It's no secret that university leaders today are under far more pressure than their counterparts of even a decade ago. They are increasingly challenged by the cumulative impact of fatigue fueled by 24/7 work schedules, competing priorities, large-scale change initiatives, scarce resources, and the demands of managing large, diverse campuses and systems. With a never-ending cycle of conferences, private meetings, and public appearances, it's not uncommon for a university president to arrive home at 11 p.m. in the same jacket and tie he put on at 5:30 that morning.
But, in spite of the negative consequences of leading in such a dynamic environment, few of these university leaders have learned the important lessons about addressing inherent stressors. Instead, they often choose to continue pursuing a pace that ultimately leads to burnout, which negatively affects both their work and their personal lives. In fact, it is rare for these senior administrators to stop their fast-paced cycles, reflect on the goals and strategies they are creating, and recognize the need to step back and use their change agent skills to improve their own work environment.
Although the relentless pace and deeply engrained behavior patterns of American institutions make it difficult to get off the treadmill, leaders can harness their strengths as strategic thinkers and risk takers in an effort to create a healthier and more effective balance.
Herbert J. Freudenberger coined the term "burnout" in 1980 in his book Burnout: How to Beat the High Cost of Achievement. He used the metaphor of a building that has been burned out, "a once throbbing structure ... where once there had been activity, now only crumbling reminders of energy and life." The outer structure may be intact but inside one can see the full impact of the devastation.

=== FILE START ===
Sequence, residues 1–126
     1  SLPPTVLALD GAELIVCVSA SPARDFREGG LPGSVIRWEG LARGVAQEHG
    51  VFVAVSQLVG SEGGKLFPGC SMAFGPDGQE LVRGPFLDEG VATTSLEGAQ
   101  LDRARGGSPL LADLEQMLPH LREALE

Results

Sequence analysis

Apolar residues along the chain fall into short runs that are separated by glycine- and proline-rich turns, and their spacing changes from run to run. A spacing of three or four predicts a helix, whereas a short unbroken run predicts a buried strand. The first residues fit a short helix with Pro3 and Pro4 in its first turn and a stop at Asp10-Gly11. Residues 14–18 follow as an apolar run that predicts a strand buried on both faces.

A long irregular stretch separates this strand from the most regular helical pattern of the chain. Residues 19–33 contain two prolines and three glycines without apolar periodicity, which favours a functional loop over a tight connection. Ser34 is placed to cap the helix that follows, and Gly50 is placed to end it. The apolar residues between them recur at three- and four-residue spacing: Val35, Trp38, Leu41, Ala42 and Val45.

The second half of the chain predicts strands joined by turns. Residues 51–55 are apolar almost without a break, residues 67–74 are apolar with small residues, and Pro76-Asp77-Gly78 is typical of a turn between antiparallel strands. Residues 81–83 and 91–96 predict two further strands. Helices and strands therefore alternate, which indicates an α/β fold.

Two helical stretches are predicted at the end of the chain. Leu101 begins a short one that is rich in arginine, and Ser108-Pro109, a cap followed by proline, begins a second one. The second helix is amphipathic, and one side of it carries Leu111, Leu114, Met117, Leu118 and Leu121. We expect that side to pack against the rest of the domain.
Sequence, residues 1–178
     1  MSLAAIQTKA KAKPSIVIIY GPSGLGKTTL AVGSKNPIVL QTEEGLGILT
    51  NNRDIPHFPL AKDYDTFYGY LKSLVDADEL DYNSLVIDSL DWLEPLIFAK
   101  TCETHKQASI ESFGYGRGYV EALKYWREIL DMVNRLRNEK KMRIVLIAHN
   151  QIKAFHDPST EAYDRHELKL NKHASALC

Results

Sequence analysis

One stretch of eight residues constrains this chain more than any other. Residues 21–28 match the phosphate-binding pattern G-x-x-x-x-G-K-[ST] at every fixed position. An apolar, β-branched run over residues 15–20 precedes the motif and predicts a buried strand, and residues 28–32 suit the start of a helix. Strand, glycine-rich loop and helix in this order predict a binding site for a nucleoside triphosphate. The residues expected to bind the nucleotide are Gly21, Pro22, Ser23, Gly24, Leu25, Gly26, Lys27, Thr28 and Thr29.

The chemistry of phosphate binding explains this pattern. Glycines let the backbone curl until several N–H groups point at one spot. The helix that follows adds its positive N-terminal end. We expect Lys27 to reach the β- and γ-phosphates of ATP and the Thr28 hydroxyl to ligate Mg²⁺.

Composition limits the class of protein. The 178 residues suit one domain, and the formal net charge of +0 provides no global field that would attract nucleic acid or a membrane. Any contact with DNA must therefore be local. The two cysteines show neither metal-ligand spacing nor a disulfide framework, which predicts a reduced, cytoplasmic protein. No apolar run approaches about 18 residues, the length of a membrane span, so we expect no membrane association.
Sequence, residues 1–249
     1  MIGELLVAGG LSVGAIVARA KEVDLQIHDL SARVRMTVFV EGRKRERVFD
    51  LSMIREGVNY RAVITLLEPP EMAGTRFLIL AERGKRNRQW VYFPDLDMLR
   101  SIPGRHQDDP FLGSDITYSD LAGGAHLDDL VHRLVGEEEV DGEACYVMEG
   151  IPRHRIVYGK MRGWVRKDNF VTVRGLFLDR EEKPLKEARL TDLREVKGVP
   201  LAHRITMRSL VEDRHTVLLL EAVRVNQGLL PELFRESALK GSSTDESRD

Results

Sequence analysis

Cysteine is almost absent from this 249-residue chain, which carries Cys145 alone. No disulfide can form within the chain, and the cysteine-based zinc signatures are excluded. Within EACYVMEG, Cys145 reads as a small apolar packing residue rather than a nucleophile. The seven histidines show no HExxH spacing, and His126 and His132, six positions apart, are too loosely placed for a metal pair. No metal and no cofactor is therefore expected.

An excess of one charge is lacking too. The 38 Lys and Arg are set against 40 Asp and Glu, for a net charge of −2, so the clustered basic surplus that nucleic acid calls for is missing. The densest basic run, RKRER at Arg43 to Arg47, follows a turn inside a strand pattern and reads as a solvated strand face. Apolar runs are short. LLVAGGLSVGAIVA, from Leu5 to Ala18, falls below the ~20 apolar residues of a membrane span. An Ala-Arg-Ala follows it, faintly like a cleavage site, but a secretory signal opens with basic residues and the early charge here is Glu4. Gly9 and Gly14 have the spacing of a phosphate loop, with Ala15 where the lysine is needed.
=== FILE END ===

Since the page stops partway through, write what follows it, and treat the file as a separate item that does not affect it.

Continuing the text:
The symptoms Freudenberger observed in his patients were loss of meaning in their lives; inability to get along with family, friends, and co-workers; disillusionment with marriage or career; and being tired and filled with frustration, while at the same time needing increased amounts of energy to maintain the pace set.
The complete burnout Freudenberger describes extends across all dimensions of one's life, from work to family to self.
Before this kind of full-blown burnout, more commonly leaders first experience a cumulative level of fatigue related primarily to work, which may be the first symptom of impending burnout. This cumulative level of fatigue has its roots in the changes of the work environment and work itself.
The current work environment is rich in social, psychological, and political drivers that cause fatigue and can eventually lead to burnout. These include:
Extended hours. A February 2004 article in Fast Company indicated that American workers clock more time on the job than workers in any other country in the world, some 500 hours a year more than the Germans and 250 hours more than the British. A 60- to 75-hour workweek is typical for leaders.
The 24/7 environment. E-mail has evolved from a productivity tool and much-appreciated communication vehicle to an expected primary mode of communication. People are connected 24/7, whether they want to be or not. For the administrator, e-mail is often a counterproductive intrusion into his or her ability to be reflective and think strategically. Some executives even admit to a self-imposed ritual of catching up on e-mail correspondence every evening after the family dinner and experience guilt when they skip an evening. "Like large business enterprises, universities today operate around the clock," says Bruce Darling, senior vice president for University Affairs at the University of California. "The University of California, for example, is a multi-billion-dollar business. We deal with both the state and federal government, have hospitals operating 24 hours a day and are responsible for national laboratories that ensure the safety and reliability of the U.S. nuclear weapons stockpile. That means a lot of travel, as well as regular evening and weekend work."
Challenges of shared governance. "Higher education is unique in its commitment to shared governance," says Tomas Morales, provost and vice president of Academic Affairs, California Polytechnic University at Pomona. "This need to be consultative with other governance partners requires a greater effort and can be stressful, particularly in change initiatives."